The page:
Voters seemed wary Tuesday of ballot measures that would cost them money or mandate too much change.
In Washington, they turned thumbs down to Initiative 1033, which would have imposed new spending limits on state, county and city governments that elected officials said were so radical they’d hamstring services. Voters were narrowly passing Referendum 71, a measure to ratify expanded rights to domestic partners, but the final decision might not be known for days.
Spokane city voters were narrowly rejecting a new $33 million bond issue for city fire equipment and stations, but fire officials were trying to stay “cautiously optimistic” they could gain enough votes in counts in the coming weeks to reach their 60 percent supermajority. There’s no such wait for a proposed change to Spokane’s City Charter: Voters soundly rejected a package of amendments that would have set new rules for wages, workplaces, neighborhood development and environmental protection.
Kootenai County voters shot down a pair of ballot measures that would have increased the sales tax for 10 years to pay for a jail expansion and provide property tax relief.
The latest in a long line of attempts by Tim Eyman to restrict government, this measure tried to attack the state’s, counties’ and cities’ ability to spend money through a formula that accounted for inflation and population growth. Any money collected above that level would be set aside, and returned the following year as property tax rebates.
It drew support from small business coalitions, many Republicans and the populist conservative Tea Party movement. It was blasted by government officials of both political parties in state and local jurisdictions as a dangerous formula during a recession.
Eyman seemed to acknowledge defeat before the first ballot results were in, releasing an early copy of a statement to supporters that the campaign was “proud of all our heroic supporters” regardless of what happened and listing previous victories at the ballot box. The measure failed decisively in Spokane, Whitman, Garfield and Asotin counties as well as those surrounding the Puget Sound.
Social conservatives sought to block expanded legal protections for domestic partnerships that the Legislature approved last spring for same-sex couples and seniors who want to live together without getting married. Those rights were labeled “everything but marriage” in the legislation, but opponents said it essentially allows marriage for same-sex couples.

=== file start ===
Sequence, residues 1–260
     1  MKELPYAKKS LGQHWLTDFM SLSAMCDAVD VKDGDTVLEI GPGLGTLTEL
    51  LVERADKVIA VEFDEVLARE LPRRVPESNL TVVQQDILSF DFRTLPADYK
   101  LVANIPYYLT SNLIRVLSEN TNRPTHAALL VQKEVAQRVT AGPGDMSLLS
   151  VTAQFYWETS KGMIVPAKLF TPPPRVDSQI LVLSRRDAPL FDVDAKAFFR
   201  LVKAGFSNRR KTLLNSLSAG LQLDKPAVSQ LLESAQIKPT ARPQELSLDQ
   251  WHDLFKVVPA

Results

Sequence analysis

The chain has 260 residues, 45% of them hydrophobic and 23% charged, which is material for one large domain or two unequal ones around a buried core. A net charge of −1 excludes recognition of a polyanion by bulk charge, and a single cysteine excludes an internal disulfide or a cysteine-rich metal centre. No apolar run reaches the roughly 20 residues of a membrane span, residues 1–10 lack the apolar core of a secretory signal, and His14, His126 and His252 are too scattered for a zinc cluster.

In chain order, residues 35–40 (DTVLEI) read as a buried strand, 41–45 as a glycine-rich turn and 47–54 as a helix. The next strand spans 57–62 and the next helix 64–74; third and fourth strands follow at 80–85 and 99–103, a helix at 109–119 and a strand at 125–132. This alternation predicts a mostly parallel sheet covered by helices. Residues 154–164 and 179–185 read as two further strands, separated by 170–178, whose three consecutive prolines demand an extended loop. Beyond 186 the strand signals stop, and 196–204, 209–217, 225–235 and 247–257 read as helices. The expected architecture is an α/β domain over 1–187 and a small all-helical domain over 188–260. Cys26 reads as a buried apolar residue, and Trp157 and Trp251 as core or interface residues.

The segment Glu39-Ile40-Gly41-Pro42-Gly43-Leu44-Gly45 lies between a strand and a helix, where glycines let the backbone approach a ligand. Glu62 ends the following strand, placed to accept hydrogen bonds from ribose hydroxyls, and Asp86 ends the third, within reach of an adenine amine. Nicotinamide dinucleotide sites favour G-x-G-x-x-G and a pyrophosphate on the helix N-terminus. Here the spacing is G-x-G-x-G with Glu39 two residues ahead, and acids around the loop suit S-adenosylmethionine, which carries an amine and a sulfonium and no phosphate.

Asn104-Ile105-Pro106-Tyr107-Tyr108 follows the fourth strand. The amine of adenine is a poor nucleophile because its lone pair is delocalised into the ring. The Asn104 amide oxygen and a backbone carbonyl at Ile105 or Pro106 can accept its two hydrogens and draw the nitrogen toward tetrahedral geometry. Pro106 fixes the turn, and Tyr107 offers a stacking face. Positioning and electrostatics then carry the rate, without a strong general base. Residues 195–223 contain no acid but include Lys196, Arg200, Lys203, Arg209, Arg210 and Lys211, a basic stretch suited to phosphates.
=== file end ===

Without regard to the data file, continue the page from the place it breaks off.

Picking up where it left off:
Approving the referendum means allowing the law to go into effect, while rejecting it blocks the changes.
The measure was narrowly passing at press time but sharply dividing the state. Most counties around the Puget Sound were approving R-71, but the rest of the state’s counties, including Spokane, were strongly rejecting it.
Spokane Proposition 4
Named the Community Bill of Rights by supporters, the measure offered voters the chance to add nine amendments to the Spokane City Charter. But the breadth of the amendments prompted criticism from city officials and business organizations. They said it could saddle the city with costs of guaranteeing health care or make businesses uncompetitive. Most of all, they said, it would spawn lawsuits.
Prop 4 failed nearly 3 to 1 in votes counted Tuesday.
“We think the voters of Spokane realized this is a bad idea,” Brian Murray, a campaign manager for one of the opposition groups, said Tuesday night. Brad Read, of Envision Spokane, said the outcome wasn’t surprising considering opponents heavily outspent them and used dire predictions like “Spokane would cease to exist” if the measure passed.
Spokane Proposition 1
City voters were also asked to approve a $33 million bond issue for new fire engines, equipment and stations. The 10-year bond issue would cost a homeowner $27 for every $100,000 of assessed property value; it’s designed to replace a bond issue passed in 1999 but raises the cost by about $10 per $100,000. It needed a 60 percent supermajority and in Tuesday’s tally had collected only 58.6 percent.
Assistant Fire Chief Brian Schaeffer said supporters hoped to close the gap in upcoming ballot counts. If that doesn’t work, the Fire Department will try again, but not before meeting with voters and asking them if the department should take a different direction.
Spokane Mayor Mary Verner said last week that if the fire bond failed, the city likely would try again in 2010.